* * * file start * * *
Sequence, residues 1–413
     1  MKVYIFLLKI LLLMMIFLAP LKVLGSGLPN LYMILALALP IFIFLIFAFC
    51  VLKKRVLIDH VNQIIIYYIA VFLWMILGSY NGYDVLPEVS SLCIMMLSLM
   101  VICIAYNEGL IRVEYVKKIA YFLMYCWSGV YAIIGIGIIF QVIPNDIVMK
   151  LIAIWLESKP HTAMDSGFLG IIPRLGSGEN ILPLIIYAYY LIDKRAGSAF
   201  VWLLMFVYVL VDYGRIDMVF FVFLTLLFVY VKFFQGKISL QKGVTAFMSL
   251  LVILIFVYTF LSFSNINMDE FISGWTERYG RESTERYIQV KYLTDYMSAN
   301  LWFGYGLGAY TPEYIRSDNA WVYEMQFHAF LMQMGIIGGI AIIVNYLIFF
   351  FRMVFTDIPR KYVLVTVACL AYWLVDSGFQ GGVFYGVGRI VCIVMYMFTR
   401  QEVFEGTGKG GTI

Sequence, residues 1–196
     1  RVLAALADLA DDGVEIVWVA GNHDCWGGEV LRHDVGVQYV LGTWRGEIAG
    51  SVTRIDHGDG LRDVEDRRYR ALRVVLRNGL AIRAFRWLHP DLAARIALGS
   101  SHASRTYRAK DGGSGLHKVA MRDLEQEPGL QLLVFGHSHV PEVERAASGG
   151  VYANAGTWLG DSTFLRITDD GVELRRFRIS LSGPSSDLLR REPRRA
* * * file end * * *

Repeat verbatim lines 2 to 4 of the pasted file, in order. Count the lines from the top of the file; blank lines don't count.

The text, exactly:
     1  MKVYIFLLKI LLLMMIFLAP LKVLGSGLPN LYMILALALP IFIFLIFAFC
    51  VLKKRVLIDH VNQIIIYYIA VFLWMILGSY NGYDVLPEVS SLCIMMLSLM
   101  VICIAYNEGL IRVEYVKKIA YFLMYCWSGV YAIIGIGIIF QVIPNDIVMK